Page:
My dearest Friend
I have enough to do to write Apologies in Answer to Invitations to dinner and to Tea Parties: but I have long since taken the Resolution that I will not again loose myself and all my time in a wild vagary of Dissipation. As it is not in my Power to live on equal terms with the Families and Personages who exhibit so much real Hospitality in this City, I would not lay myself under obligations to that which I could not repay. But besides this I have other Motives. I have Occasion for some time to write Letters to my friends, and for more, that I may read something, and not be wholly ignorant of what is passing in the litterary world. There is more pleasure and Advantage to me, in this than is to be found in Parties at dinner or at Tea.
Columbus is republishing in New York, in a public Paper of whose Title I am ignorant, whose Editor is Mr. Noah Webster who is lately removed from Hartford to that City and is said to conduct his Gazette with Judgment and Spirit upon good Principles. He has given a conspicuous Place and a large handsome Type Type, as I am told to the Speculation of the Bostonian. Here they are unknown,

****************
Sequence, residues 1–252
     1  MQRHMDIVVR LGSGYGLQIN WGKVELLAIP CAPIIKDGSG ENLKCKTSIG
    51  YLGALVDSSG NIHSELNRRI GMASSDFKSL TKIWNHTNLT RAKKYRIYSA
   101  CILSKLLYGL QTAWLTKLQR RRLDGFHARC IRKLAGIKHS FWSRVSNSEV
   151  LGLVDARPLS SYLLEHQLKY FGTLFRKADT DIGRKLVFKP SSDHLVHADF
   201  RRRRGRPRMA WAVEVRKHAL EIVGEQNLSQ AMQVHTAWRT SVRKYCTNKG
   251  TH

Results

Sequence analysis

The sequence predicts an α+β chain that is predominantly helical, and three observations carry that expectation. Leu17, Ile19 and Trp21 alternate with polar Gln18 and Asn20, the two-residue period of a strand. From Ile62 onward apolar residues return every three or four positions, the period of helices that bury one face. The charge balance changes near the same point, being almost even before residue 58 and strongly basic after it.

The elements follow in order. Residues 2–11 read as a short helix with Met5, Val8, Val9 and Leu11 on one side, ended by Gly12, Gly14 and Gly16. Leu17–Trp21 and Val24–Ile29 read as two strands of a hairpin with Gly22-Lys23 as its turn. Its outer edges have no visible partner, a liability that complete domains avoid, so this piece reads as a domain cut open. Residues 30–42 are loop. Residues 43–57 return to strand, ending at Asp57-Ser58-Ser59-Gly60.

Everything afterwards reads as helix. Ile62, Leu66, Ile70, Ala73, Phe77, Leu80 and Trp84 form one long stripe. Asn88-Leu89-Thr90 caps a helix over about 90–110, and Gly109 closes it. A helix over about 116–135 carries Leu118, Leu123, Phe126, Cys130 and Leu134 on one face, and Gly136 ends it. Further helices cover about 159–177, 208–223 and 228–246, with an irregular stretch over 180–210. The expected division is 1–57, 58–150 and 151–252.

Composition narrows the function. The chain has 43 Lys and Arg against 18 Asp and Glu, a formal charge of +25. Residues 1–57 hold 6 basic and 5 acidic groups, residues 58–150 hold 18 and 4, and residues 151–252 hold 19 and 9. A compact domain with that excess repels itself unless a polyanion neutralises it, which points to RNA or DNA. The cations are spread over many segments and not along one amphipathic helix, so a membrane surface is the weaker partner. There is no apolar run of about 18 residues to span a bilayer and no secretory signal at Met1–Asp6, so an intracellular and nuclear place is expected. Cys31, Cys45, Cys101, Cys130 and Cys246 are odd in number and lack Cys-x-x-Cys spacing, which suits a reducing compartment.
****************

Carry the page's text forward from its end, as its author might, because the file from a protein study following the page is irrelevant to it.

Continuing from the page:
Our Friend Mr. Cabot has bought a Farm in Brokelyne, adjoining to that of my Grandfathers, where he is to build an House next Summer. He delights in nothing more than in talking of it. The Searchers of Secret motives in the heart have their Conjectures that this Country Seat in the Vicinity of Boston was Purchased with the same Views which some ascribed to Mr. Gerry in purchasing his Pallace at Cambridge and to Gen Warren in his allighting on Milton Hill. Whether these Shrewd Conjectures are right or not, I own I wish the State may never have worse Governor, than Gerry or Cabot, and I once thought the same of the other.
I am told Mr. Jefferson is to resign tomorrow. I have so long been in the habit of thinking well of his Abilities and general good dispositions, that I cannot but feel some regret at this Event: but his want of Candour, his obstinate Prejudices both of Aversion and Attachment his real Partiality in Spite of all his Pretensions and his low notions about many things have so nearly reconciled me to it, that I will not weep.
[Endorsement -- see page image]